Like the first volume of this series, this gathers a couple of dozen recordings from the vaults of the Combo label, which recorded a good deal of R&B in Los Angeles in the 1950s. (A focal point of that scene was a strip of Central Avenue, hence the title.) Its appeal is mostly to hardcore R&B collectors: there's just one hit (and even that's in an alternate version) and only a few performers of fairly wide repute, and seven of the tracks are previously unreleased outtakes or alternate takes. It's standard mid-'50s-style R&B from the honkers-and-shouters style, though these are pretty spirited performances with a good sense of humor, even if they're not too different from each other in melody or approach. The "hit" (indeed, the only national hit that Combo had) is an alternate take of 1954 Gene & Eunice's Top Ten R&B single "Ko Ko Mo," though it should be noted that actually the duo released two versions of that song around the same time (the other was on the Aladdin label). A few of the other bigger names include Chuck Higgins, one of whose tracks is "Real Gone Hound Dog," an obscure 1952 "answer" record to "Hound Dog"; Joe Houston, another of the numerous honking saxmen heard on this disc; the Ernie Fields Orchestra, who'd later have a number four hit with "In the Mood" on a different label; and Jack McVea. The most memorable thing here, however, might be Higgins' "The Blacksmith Blues," with some of the most incoherently nonsensical, drunkenly sung lyrics you're apt to come across anywhere.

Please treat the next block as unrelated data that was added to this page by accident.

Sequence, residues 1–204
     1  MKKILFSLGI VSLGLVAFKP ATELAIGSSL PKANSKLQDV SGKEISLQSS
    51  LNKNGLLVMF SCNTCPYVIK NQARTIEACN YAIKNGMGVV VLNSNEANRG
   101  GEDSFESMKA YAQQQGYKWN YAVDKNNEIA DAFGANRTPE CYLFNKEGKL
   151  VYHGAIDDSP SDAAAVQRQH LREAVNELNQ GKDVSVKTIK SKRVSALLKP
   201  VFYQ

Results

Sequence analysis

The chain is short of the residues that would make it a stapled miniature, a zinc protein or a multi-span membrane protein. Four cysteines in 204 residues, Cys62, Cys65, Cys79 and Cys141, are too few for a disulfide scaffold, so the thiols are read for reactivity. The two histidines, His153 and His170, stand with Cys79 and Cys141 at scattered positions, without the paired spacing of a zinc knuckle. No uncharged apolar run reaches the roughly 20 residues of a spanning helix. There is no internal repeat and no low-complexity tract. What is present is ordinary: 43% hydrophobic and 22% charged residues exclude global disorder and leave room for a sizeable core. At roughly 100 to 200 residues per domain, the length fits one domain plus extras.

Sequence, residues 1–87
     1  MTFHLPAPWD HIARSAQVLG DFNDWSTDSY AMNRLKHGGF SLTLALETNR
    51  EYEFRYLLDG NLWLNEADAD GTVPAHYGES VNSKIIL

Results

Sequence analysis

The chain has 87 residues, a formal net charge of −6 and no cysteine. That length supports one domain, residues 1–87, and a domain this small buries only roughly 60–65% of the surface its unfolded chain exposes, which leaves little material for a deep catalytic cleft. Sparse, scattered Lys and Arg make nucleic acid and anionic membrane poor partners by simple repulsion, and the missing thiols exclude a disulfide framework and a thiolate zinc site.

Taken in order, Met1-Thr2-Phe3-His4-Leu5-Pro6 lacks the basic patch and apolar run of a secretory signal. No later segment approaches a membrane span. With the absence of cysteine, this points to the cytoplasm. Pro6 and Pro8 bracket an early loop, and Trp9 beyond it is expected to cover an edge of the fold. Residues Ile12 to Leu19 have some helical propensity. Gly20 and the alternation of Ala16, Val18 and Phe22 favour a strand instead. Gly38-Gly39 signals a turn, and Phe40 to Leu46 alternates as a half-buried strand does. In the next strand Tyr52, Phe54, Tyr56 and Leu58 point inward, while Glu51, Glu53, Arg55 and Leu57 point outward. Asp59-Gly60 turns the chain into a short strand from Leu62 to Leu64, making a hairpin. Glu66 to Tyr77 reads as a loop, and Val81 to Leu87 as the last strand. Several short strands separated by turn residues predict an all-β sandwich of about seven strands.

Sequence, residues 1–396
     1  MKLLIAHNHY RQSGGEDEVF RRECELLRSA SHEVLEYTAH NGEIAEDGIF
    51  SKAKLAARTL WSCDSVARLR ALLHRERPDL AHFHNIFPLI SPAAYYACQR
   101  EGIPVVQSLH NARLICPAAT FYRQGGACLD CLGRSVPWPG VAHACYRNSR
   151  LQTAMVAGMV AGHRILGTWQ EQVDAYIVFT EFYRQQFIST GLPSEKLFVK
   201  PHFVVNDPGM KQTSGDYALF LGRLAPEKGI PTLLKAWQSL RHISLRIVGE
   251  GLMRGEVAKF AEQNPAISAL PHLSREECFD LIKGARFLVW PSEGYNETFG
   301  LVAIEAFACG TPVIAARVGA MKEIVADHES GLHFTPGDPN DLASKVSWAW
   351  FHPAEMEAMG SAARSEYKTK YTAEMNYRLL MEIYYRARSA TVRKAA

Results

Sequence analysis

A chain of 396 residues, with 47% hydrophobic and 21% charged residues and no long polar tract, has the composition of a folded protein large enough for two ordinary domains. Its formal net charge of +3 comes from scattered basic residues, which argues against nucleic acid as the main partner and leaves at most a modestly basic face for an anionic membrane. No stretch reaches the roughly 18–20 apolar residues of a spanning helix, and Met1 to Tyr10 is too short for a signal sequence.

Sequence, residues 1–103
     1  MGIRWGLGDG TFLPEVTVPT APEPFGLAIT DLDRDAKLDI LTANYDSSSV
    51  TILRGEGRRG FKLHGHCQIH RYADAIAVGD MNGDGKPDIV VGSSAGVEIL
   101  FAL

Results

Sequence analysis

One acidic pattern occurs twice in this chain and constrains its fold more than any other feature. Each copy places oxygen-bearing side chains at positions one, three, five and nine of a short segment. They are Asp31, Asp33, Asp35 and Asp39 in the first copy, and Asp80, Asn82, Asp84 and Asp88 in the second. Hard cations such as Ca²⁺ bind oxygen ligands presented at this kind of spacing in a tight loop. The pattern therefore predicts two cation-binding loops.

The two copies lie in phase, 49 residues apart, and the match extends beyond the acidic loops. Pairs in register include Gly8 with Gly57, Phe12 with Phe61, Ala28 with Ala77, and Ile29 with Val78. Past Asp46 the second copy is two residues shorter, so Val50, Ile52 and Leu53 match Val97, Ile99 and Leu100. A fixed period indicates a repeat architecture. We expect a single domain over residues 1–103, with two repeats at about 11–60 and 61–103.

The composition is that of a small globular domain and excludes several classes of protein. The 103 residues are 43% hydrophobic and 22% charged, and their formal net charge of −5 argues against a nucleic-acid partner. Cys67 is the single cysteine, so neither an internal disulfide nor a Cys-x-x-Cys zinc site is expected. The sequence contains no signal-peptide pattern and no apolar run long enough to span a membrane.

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AllMusic Review by Richie Unterberger